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J Gallar, MC Acosta, J Moilanen, C Belmonte, T Tervo; Recovery Of Corneal Sensitivity To Mechanical And Chemical Stimuli After Lasik Surgery . Invest. Ophthalmol. Vis. Sci. 2002;43(13):2106.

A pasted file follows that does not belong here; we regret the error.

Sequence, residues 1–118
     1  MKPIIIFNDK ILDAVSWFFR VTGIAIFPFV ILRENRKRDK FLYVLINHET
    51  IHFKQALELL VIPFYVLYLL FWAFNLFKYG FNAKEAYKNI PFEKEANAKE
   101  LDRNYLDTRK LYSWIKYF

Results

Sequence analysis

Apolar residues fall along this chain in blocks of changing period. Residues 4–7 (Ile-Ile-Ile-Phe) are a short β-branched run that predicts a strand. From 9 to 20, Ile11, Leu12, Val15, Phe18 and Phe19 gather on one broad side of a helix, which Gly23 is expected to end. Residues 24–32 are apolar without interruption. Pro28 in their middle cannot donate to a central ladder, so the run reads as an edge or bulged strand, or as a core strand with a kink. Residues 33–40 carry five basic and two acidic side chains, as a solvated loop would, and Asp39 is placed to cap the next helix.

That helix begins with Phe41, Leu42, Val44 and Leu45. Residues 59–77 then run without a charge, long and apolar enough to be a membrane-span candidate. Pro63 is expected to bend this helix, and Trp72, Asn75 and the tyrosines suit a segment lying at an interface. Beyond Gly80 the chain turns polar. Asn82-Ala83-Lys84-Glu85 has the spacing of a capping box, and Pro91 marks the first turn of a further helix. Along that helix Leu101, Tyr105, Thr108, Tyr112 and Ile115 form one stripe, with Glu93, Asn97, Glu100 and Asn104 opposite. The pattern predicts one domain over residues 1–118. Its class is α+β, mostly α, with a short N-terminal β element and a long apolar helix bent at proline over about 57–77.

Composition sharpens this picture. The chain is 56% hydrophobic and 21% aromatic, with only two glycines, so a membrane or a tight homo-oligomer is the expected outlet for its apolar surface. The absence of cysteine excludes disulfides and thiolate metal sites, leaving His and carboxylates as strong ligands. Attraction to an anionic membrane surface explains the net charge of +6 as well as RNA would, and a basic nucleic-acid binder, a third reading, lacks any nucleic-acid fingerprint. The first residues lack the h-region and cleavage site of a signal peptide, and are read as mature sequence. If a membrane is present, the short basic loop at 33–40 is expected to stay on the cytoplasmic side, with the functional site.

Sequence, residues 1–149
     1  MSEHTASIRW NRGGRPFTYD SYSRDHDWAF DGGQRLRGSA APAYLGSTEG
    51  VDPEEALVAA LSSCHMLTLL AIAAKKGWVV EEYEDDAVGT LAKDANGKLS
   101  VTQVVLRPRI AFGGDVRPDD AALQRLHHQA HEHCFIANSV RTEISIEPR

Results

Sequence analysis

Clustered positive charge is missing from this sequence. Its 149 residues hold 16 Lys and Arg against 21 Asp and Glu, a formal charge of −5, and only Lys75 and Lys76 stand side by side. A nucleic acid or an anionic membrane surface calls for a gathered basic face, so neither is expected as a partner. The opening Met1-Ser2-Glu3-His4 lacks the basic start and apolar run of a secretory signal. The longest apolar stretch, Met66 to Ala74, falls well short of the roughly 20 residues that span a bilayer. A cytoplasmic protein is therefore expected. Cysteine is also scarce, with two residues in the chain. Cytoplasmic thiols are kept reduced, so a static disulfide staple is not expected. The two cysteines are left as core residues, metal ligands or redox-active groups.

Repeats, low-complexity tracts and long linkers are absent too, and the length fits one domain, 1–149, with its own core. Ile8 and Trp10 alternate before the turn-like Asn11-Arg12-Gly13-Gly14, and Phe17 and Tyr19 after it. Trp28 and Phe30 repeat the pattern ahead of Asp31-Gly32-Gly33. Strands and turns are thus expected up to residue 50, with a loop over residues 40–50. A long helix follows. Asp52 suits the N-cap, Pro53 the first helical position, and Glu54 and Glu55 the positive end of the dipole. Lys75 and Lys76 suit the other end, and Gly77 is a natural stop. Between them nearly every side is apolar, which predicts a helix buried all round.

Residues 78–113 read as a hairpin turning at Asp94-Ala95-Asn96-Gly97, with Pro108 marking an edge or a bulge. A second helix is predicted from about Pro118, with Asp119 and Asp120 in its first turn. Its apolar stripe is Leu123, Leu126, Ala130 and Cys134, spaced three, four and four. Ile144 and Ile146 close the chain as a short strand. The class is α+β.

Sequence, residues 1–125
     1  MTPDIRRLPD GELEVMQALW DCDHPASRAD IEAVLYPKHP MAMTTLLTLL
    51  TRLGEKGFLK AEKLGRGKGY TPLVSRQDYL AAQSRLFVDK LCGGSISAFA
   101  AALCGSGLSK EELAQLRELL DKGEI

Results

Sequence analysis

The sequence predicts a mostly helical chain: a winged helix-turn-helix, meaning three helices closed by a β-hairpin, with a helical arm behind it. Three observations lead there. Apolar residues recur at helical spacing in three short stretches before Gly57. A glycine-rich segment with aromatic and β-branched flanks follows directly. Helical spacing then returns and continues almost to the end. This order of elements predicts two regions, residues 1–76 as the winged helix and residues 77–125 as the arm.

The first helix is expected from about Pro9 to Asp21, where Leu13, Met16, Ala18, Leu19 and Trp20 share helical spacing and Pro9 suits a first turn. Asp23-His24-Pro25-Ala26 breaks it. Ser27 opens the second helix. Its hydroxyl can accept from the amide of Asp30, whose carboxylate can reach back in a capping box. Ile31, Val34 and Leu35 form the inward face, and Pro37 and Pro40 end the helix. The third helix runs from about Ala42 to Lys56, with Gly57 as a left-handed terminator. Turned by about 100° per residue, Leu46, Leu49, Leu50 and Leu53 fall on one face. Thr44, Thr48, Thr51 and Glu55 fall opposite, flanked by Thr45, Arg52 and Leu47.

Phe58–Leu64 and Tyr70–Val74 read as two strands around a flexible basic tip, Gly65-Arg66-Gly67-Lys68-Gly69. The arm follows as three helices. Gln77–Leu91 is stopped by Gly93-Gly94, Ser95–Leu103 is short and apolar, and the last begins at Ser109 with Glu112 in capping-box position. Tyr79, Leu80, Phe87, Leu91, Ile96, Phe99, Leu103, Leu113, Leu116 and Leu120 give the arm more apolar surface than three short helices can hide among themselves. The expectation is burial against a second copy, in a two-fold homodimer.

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Purpose: Corneal nerves are damaged during LASIK surgery. The purpose of this work was to evaluate the time course of corneal sensitivity values to mechanical and chemical stimulation following LASIK surgery. Methods: Patients who had undergone LASIK surgery at various times before the experiment were investigated: Group 1, 2 days (n=1). Group 2, 7-9 days (n=2). Group 3, 2-6 months (n=3). Group 4, 2 years (n=6). Seven unoperated patients served as control. Corneal sensitivity was measured using a gas esthesiometer (Belmonte et al., 1999; IOVS, 40, 513-519). Chemical (20-80% CO2 in air) and mechanical (0-200 ml/min) stimuli were applied to the center of the cornea. The intensity and attributes of the evoked sensation were represented at the end of the pulse in a 10-cm, continuous visual analog scale (VAS). Threshold for the sensation was expressed as the first intensity that evoked a VAS value ≷0.5. Results: Mechanical and chemical sensitivity were greatly reduced 2 days after surgery. One week later, threshold sensitivity and response curves to both stimuli were higher than normal. 2-5 months after LASIK, sensitivity curves to both stimuli flattened. After 2 years, sensitivity curves were similar to control. Conclusion: Nerve injury caused by LASIK surgery reduced corneal sensitivity for several months, with a transient hyperalgesic period at the end of the first week presumably due to sprouting and sensitization of injured nerve terminals. Two years after surgery corneal sensitivity had returned to virtually normal values.
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